9 Plants That Look Like Lily of the Valley

Have you ever experienced the irresistible charm of the lily of the valley? This attractive groundcover is a hard match for its elusive scent and scallop-edged bell-shaped flowers that dangle atop emerald-green foliage. Although tough to beat, several plants effectively mimic the delicate and charming nature of the lily of the valley.

Lily of the valley isn’t a true lily but actually belongs to the asparagus family. Convallaria majalis gets its common name from two Latin words Vallis, meaning ‘valley,’ and majalis, meaning ‘May-blooming.’ It is native to Eurasia, where it thrives amongst shady nooks. 

In spring, petite, intensely fragrant, snow-white blooms line the stems of the lily of the valley for several weeks. The dainty flowers mature into bright orange-red berries in the fall.

At her tallest, the lily of the valley grows to be 10 inches tall. However, don’t let her dainty stature fool you. These low-lying plants often become invasive, spreading persistently across vast forestland areas.

There are several lily of the valley cultivars, including:

  • ‘Rosea’ produces rosy pink flowers.
  • ‘Flore Pleno’ is valued for its larger, double-bell flowers.
  • ‘Fortin’s Giant’ boasts larger flowers.
  • ‘Hardwick Hall’ is a vigorous grower with yellow chartreuse edges on the foliage.
  • ‘Albostriata’ has an open habit and white-streaked leaves.
  • ‘Albomarginata’ has broad, dark green foliage edged with a white line.
  • ‘Fernwood’s Golden Slippers’ emerges yellow-green foliage that never quite turns green.
  • ‘Crema da Mint’ boasts yellow and bright light green striped leaves.
  • ‘Bordeaux’ grows up to a foot tall with larger flowers.

1. Japanese Pieris

Japanese Pieris
Alex O'Neal Japanese Pieris

Japanese Pieris (Pieris Japonica) is a broadleaf evergreen shrub also known as the lily-of-the-valley shrub; hence its strikingly similar blooms. It boasts year-round interest with oblong leaves that change color throughout the season. The plant’s foliage opens with a reddish-bronze hue that matures into a glossy green.

The Japanese Pieris is an early bloomer. It features purplish-red flower buds in late winter that transform into dangling clusters of creamy white or pale pink blooms during late winter and early spring.

The Japanese Pieris have a slow growth habit. Use it for year-round interest and minimal care for shrub borders, hedges, or foundation planting. The plant is a sun to part shade lover and thrives in moist, well-draining, and organically rich soil.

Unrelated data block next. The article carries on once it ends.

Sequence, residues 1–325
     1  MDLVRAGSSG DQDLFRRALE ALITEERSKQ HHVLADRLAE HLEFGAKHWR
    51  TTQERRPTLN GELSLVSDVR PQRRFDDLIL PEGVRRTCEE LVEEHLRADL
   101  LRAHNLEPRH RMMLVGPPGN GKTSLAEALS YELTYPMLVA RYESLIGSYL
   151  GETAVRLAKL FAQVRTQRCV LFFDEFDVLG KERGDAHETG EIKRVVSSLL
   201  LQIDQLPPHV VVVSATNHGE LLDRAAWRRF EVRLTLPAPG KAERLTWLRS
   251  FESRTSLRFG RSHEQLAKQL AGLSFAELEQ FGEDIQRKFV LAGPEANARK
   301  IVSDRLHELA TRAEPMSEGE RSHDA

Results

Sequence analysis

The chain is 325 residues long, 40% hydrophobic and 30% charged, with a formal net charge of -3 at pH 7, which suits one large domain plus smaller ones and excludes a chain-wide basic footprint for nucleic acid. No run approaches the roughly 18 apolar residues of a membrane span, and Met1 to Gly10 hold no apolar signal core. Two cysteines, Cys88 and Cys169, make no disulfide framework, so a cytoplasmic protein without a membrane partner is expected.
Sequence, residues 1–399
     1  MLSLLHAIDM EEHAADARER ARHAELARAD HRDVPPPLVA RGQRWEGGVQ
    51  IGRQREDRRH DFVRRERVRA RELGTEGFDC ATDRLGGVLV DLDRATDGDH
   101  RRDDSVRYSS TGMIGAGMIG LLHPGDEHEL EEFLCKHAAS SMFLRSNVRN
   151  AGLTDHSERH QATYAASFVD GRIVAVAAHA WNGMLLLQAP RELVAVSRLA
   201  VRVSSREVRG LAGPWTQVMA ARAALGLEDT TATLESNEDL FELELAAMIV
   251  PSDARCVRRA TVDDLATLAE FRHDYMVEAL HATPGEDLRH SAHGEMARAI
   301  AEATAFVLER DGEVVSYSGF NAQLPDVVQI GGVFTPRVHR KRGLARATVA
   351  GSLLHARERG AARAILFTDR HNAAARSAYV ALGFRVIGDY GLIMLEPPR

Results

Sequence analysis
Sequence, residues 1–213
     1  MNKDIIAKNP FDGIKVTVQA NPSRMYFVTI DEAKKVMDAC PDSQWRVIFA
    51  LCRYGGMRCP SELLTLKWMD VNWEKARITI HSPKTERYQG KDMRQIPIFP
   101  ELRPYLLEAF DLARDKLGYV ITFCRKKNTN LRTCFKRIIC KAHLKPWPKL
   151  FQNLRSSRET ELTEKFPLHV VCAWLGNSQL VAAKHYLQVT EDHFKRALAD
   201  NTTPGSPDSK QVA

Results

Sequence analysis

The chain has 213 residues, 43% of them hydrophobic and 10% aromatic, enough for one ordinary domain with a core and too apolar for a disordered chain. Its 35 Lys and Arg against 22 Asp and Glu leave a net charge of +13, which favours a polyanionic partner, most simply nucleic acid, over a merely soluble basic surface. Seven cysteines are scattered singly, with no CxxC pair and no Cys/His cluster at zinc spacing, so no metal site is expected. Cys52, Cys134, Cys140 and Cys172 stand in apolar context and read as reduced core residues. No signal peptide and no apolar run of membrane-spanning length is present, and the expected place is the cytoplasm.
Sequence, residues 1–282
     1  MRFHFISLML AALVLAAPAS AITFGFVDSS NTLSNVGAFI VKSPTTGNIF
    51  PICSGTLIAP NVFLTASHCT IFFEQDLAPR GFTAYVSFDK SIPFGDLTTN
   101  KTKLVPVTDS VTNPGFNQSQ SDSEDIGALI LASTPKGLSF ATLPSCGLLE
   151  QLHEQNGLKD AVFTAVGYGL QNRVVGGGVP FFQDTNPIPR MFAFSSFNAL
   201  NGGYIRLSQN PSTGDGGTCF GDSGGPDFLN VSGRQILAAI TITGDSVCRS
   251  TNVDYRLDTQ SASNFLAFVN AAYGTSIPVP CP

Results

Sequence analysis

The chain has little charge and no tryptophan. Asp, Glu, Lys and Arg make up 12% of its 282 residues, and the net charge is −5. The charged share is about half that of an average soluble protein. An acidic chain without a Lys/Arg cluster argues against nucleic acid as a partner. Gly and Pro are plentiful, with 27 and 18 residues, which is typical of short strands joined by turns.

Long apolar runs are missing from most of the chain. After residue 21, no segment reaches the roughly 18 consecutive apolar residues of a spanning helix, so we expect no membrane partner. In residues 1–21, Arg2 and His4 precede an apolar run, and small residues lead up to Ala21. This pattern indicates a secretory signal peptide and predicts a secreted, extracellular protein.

2. Snowdrops

Tim Green Snowdrops

Snowdrops (Galanthus nivalis) are cheerful bulbous perennial often appears during late winter between blankets of snow. As their name suggests, snowdrops are amongst the first flowers to bloom in spring.  

Like the lily of the valley, snowdrops only mature to 10 inches tall. The purest of white, bell-shaped flowers dangle off the ends of leafless stalks amongst grayish-green foliage. Once established, these plants will lift your spirits on a late winter’s day with their early blooms.

Snowdrops require minimal fuss and are mostly pest and disease resistant. They are easily grown in full sun to partial shade and well-drained soil. Snowdrops are best planted in masses in sweeping drifts, patios, rock gardens, or under shrubs and deciduous trees.

3. Spring Snowflake

Spring Snowflake
hedera.baltica Spring Snowflake

The spring snowflake (Leucojum vernum) is a bulbous perennial native to Asia and Europe. In early spring, the plant features nodding bell-shaped flowers with snow-white petals with yellow-tipped tepals.

Like the lily of the valley, spring snowflake flowers only grow to 10 inches tall and up to 3 inches wide. Despite its small size, the spring snowflake is an easy grower. Spring snowflake thrives in areas with full sun to part shade and rich, moist, and well-drained soil.

The elongated, glossy green foliage and delicate flowers are an excellent addition to beds, borders, sweeping drifts, and rock gardens. Ensure you plant them in large groups to create an enchanting effect.

4. Swamp Doghobble

Swamp Doghobble
Fritz Flohr Reynolds Swamp Doghobble